Both my phone and my SD card (exFAT formatted) support big file sizes. However, the Android File Transfer app does not allow sending files bigger than 4GB.

Is there a way to bypass the limitation?

  • possible duplicate of download bigger than 4 gb file on android 4.0.4
    – geffchang
    Commented Jul 9, 2013 at 4:36
  • 2
    The linked question is about the limitation of file system of the SD card, which I don't not have this issue. I am asking about the limitation of an app, the Google Android File Transfer app.
    – ohho
    Commented Jul 9, 2013 at 6:53
  • Did you ever find a way to get around the 4GB limit?
    – geffchang
    Commented Jul 16, 2013 at 2:55
  • @geffchang not yet, it seems to be a limit (unnecessarily) imposed by the Android File Transfer app. For files larger than 4GB, I pull out the SD card and copy via a USB card reader.
    – ohho
    Commented Jul 16, 2013 at 3:20
  • 2019: No longer an issue. I transferred an 8gb file to my OnePlus 6T phone seamlessly. Android File Transfer v1.0.12
    – Ray Foss
    Commented Feb 19, 2019 at 17:29

8 Answers 8


According to Android.com:

Browse the files and folders on your Android device, add folders, copy files up to 4GB to or from your Mac, delete files, and more.

As a workaround, install an FTP server on your Mac, and transfer the file via Wi-Fi or mobile data.

OR, via ADB using the Android SDK, adb pull to transfer from the phone and adb push to transfer to the phone. Source.

  • So how do you actually transfer the files from your Mac? I tried this adb pull /storage/sdcard0 ./Desktop/TheFolderIWantToMove but I get adb: error: failed to get feature set: device unauthorized..
    – bsky
    Commented Dec 8, 2017 at 12:17
  • did you want to say adb push? because we need to copy file to android device. I tried this but it doesn't work adb: error: failed to copy *': remote File too large
    – user924
    Commented Apr 4, 2019 at 22:07
  • For me the storage path was completely different, you can use adb shell to connect to your phone then navigate around to file the correct file path you need
    – TMH
    Commented Mar 20, 2021 at 13:10

You can install android-platform-tools with Homebrew to install ADB.

brew cask install android-platform-tools

And then use adb pull or adb push like the geffchang's answer above.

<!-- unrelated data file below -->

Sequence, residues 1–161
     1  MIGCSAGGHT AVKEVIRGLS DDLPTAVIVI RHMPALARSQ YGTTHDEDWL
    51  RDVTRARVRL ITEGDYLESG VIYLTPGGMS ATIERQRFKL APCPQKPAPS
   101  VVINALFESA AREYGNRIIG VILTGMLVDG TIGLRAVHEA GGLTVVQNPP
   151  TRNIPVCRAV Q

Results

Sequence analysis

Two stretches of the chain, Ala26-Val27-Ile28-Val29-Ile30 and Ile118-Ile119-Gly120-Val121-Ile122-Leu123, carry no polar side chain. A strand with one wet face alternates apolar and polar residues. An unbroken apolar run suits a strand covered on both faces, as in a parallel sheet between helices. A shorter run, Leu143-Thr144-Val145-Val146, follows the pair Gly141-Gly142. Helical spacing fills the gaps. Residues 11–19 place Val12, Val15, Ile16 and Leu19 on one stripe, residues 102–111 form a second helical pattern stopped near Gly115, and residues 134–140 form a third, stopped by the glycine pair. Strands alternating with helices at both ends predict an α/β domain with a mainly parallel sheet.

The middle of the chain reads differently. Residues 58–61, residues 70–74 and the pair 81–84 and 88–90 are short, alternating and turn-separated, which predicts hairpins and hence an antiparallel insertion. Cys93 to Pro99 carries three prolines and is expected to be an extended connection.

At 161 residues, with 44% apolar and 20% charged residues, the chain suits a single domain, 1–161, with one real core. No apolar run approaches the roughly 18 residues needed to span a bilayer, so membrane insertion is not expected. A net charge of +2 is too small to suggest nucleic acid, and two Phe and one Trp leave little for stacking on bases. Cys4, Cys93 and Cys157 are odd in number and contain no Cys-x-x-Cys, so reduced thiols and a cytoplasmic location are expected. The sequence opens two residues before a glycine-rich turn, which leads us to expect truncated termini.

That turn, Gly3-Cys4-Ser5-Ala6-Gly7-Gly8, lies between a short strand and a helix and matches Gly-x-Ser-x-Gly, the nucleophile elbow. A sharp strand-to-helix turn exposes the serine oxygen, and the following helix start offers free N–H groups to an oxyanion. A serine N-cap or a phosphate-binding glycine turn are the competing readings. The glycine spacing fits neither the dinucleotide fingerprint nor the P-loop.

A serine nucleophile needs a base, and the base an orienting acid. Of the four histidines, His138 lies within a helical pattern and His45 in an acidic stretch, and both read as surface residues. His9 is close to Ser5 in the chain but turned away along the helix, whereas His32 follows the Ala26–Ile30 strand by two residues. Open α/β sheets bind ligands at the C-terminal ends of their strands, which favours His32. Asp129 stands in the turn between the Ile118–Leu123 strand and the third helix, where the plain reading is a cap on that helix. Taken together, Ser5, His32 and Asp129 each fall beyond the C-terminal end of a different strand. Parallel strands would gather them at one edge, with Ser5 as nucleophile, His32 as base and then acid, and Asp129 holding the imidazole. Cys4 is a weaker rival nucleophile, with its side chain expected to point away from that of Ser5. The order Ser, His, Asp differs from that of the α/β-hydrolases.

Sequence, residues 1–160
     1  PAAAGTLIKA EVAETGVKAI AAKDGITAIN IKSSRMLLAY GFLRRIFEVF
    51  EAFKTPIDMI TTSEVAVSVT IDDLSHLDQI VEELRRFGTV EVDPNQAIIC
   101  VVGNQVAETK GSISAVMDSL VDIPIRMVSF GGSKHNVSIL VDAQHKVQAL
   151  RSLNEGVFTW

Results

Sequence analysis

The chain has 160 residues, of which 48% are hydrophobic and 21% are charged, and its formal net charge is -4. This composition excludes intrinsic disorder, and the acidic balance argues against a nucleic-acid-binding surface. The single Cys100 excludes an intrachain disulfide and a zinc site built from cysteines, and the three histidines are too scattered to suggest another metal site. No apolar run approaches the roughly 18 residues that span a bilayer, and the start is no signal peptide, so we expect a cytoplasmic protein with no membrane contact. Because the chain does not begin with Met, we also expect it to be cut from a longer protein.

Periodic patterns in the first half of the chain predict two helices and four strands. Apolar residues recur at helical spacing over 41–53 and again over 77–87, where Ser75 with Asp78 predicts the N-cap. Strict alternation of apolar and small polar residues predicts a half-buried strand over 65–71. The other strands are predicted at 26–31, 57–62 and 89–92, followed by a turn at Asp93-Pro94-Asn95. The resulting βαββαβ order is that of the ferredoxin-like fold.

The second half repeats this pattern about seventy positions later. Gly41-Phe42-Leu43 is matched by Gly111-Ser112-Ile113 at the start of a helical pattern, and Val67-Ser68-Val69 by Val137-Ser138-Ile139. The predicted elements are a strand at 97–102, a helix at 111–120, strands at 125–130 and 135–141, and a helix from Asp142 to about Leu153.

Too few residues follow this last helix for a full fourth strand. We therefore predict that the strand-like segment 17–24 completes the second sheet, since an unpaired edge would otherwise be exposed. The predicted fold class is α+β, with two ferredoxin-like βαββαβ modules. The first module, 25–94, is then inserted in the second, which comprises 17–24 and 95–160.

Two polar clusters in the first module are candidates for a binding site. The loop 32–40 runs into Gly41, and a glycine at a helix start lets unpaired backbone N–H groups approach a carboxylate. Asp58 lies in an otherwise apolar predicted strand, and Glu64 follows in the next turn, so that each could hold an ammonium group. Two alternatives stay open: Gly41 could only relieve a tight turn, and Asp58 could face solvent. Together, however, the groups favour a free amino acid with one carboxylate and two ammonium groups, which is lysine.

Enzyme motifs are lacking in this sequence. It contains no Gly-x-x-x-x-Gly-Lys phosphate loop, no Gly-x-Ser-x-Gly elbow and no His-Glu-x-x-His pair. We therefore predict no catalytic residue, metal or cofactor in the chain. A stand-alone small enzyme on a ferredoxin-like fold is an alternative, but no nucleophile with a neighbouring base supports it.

A simple solution is to use the free app AirDroid to transfer files over your WiFi network directly to your tablet. All you have to do is install it on your phone/tablet, enable it, and then visit the device's IP address and port number from your web browser. You can then browse the device's file system and transfer files over 4 GB with no issues. The only downside is that the speed of the transfer is dictated by the speed of your WiFi network and especially your device's connection to it. Generally, I have found it to take about 1.3x as long on my 2013 Nexus 7 when compared to a USB 2.0 transfer.

There are also other apps besides AirDroid that serve as analogs, but I have found this app to be the easiest to use, the most reliable, and the fastest.

Hope this helps anyone who comes across this question as it is more of a layman's answer.

  • There are also other apps besides AirDroid that serve as analogs, but I have found this app to be the easiest to use, the most reliable, and the fastest.
    – JCount
    Commented Sep 17, 2013 at 22:28
  • 1
    For one reason I do not use AirDroid, it asks way too many permissions.
    – ohho
    Commented Sep 19, 2013 at 2:59

Another limitation with Apple systems. Just install Windows via Boot Camp or Parallels. Connect and go. Will save you time and effort.

  • Installing Windows just to transfer a file seems like using a sledgehammer to crack a nut.
    – Dan Hulme
    Commented Jul 20, 2016 at 11:58

Try using a split archive.

You can make these with 7-zip (Windows), Keka (Mac), or using standard *nix utilities if you're good with the command line. By making the archives 4 GB, you can batch transfer and decompress on your phone using something like RAR, then delete the archives. Keep in mind you will be using around double the space temporarily (depending on the compression ratio, if any), so you need space first.

In Keka (which judging by your tags, you will use), put "4 GB" in for the "Split:" option. Copy all resulting files after compression (the ones labeled .001, .002, and so on to your phone. Use RAR on the first file, and the file will decompress. You can then delete the archive files from your phone.


Use Xender (available for both iOS/Android). Worked like a charm. Can transfer on all platforms, provided you have WiFi connectivity.


On Mid-2012 MacBook Pro, Catalina (10.15.3), I couldn't use Homebrew; needed additional downloads that weren't found on the server.

Instead, I used Wondershare Dr.Fone (Mac App Store and USB-C cable). On Moto Stylus 5G (2021), Android 11, I got ~1 GB/minute (24 minutes for 23 GB) using the Export function.

Also, have "Android File Transfer" and "HandShaker" for smaller jobs.

  • The question is about the size not the speed. It is not clear whether you are implying that your file was 23Gb large (or even larger than 4). Commented Jan 6 at 3:26
  • You are correct; my single file size was 23GB. Different softwares and setups affect the transfer speed of data, and that is what i was trying to convey - that this setup was able to copy at a rate of 1GB per minute, direct from Android phone. Commented Jan 10 at 17:15

Connect using an ethernet cable and copy it.


  • 1
    How is this relevant to Android in any way?
    – Gokul NC
    Commented Sep 7, 2017 at 14:01

You must log in to answer this question.

Not the answer you're looking for? Browse other questions tagged .